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    • Amh11
    • By Amh11 10th Apr 18, 9:22 PM
    • 5Posts
    • 0Thanks
    CCJ satisfy or set aside
    • #1
    • 10th Apr 18, 9:22 PM
    CCJ satisfy or set aside 10th Apr 18 at 9:22 PM
    Hi People,
    I am seeking a bit of advice re next steps regarding a CCJ. I received in May 17 for 197. I only became aware of this when i recently checked my credit history. It turns out it was due to a fine for overstaying in a retail car park..
    Stupidly, I gave this to my former partner to pay, we broke up shortly after. I never received any notification from the Court or a judgment letter. so had no idea this was out there.
    I have now paid this but i am fuming at the damage to my credit rating. Is it worth applying for a set aside? To do this would cost more than the debt itself & I am sure the Courts hear 'I never got the letter' practically hourly.
    Do I just suck it up for the next 5 years or would I be throwing good money after bad trying to set this aside?
    Apart from this I have no late or missed payments on my file, the only negative i have is that I have been over my credit card limit for the past few months. I intend to clear this very shortly (thanks for the PPI advice MSE).
    Advice & suggestions much apprecatied.
Page 1
    • sourcrates
    • By sourcrates 10th Apr 18, 11:18 PM
    • 15,278 Posts
    • 14,367 Thanks
    • #2
    • 10th Apr 18, 11:18 PM
    • #2
    • 10th Apr 18, 11:18 PM

    You cannot easily set aside a judgement that has already been paid.

    The whole idea of a set aside application is because you have some kind of dispute about the debt, either its not your debt, or you disagree with the amount of the judgement order, or you were denied a proper defence the first time round.

    By paying the judgement, you have accepted liability, that the debt is yours and correctly owed, therefore a set aside would be very difficult under these circumstances.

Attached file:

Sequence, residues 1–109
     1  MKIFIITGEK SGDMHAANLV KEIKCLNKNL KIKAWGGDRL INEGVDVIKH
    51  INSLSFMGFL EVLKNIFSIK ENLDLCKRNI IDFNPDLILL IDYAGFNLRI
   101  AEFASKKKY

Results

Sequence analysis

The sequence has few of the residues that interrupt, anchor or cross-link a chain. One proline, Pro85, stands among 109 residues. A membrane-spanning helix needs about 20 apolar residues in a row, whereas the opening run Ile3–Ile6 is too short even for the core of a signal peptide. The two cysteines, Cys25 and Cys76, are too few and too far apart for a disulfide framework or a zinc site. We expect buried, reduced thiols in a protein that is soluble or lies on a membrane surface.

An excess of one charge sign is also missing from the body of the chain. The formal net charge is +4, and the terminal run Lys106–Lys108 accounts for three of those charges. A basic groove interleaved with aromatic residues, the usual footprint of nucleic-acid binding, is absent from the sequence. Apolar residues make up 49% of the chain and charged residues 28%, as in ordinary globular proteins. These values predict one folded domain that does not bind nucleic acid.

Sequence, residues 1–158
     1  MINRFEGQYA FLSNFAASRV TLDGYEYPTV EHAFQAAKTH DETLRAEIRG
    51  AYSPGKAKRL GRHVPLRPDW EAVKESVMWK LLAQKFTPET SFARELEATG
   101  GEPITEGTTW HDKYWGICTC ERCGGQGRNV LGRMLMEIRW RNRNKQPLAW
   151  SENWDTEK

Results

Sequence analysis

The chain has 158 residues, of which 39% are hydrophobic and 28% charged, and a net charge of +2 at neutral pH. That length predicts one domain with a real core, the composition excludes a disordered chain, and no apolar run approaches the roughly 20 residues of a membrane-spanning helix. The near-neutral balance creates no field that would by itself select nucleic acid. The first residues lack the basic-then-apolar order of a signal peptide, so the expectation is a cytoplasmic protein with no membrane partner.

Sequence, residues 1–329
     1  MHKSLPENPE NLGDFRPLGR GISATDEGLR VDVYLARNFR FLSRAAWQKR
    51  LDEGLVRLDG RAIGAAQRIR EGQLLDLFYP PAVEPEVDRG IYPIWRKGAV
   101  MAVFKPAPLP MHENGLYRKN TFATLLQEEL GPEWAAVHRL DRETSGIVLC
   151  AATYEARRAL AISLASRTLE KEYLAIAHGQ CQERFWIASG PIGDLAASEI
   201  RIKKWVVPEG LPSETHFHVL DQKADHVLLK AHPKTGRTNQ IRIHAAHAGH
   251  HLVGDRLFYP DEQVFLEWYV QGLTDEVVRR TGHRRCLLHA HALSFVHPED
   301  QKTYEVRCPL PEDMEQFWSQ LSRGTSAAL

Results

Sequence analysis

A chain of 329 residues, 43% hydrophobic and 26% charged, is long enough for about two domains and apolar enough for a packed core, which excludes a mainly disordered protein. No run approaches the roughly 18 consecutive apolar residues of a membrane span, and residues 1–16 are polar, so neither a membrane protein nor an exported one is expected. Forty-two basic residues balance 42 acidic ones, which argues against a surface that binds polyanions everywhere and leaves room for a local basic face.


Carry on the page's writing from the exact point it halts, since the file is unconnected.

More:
Last edited by sourcrates; 11-04-2018 at 9:21 PM.
    I'm a Board Guide on the Debt-Free Wannabe, Credit File And Ratings, and
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    • GM1880
    • By GM1880 11th Apr 18, 1:26 AM
    • 155 Posts
    • 59 Thanks
    • #3
    • 11th Apr 18, 1:26 AM
    • #3
    • 11th Apr 18, 1:26 AM
    Sorry can!!!8217;t but that!!!8217;s not accurate. Of course you can set aside a CCJ that!!!8217;s been paid. I!!!8217;ve just had a set aside for something I had paid off.

    Granted there are specific circumstances in which you could, but to say iu!!!8217;s impossible is just not accurate.

    The question is, is there a reason why you didn!!!8217;t reply to the original fine or more importantly the notice of a CCJ application from the claimant. Or if the original fine unwarranted?
    • Tarambor
    • By Tarambor 11th Apr 18, 12:28 PM
    • 3,567 Posts
    • 2,635 Thanks
    • #4
    • 11th Apr 18, 12:28 PM
    • #4
    • 11th Apr 18, 12:28 PM
    You received the penalty charge from the parking company so the address they had for you was correct. Unless you moved you would have received letters. There would have been at least three, possibly four by the time this was all done with with some sent from the parking ticket company, some from the court so claiming none arrived in the post is going to be stretching things a bit far.

    Your only defence for a set aside would be if you had moved house between first contact and the court sending out paperwork notifying you of a hearing and asking for your defence.
    • Wizardly18
    • By Wizardly18 11th Apr 18, 2:08 PM
    • 4 Posts
    • 2 Thanks
    • #5
    • 11th Apr 18, 2:08 PM
    • #5
    • 11th Apr 18, 2:08 PM
    A satisfied CCJ looks better than a unsatisfied one, but either way it will remain on your credit report now for 6 years from the date of judgement.
  • National Debtline
    • #6
    • 11th Apr 18, 3:08 PM
    • #6
    • 11th Apr 18, 3:08 PM
    Hi Amh11

    I agree applying for a set aside in these circumstances could be very difficult. The court usually expects you to have a dispute over the debt to agree to this, although they can consider 'other good reasons'. Paying the debt implies you do not dispute it and the court wouldn't usually agree to a set aside just to improve your credit file.

    Not receiving court papers can be grounds for a set aside if you can show the claimant knowingly sent court papers to the wrong address and could not reasonably have traced you to a new address.

    Ultimately the choice is yours but as you point out the application fee is high (255 unless you qualify for a remission because you are on a low income) and you can incur further costs if your application is not successful.

    We work as money advisers for National Debtline and have specific permission from MSE to post to try to help those in debt. Read more information on National Debtline in MSE's Debt Problems: What to do and where to get help guide. If you find you're struggling with debt and need further help try our online advice tool My Money Steps
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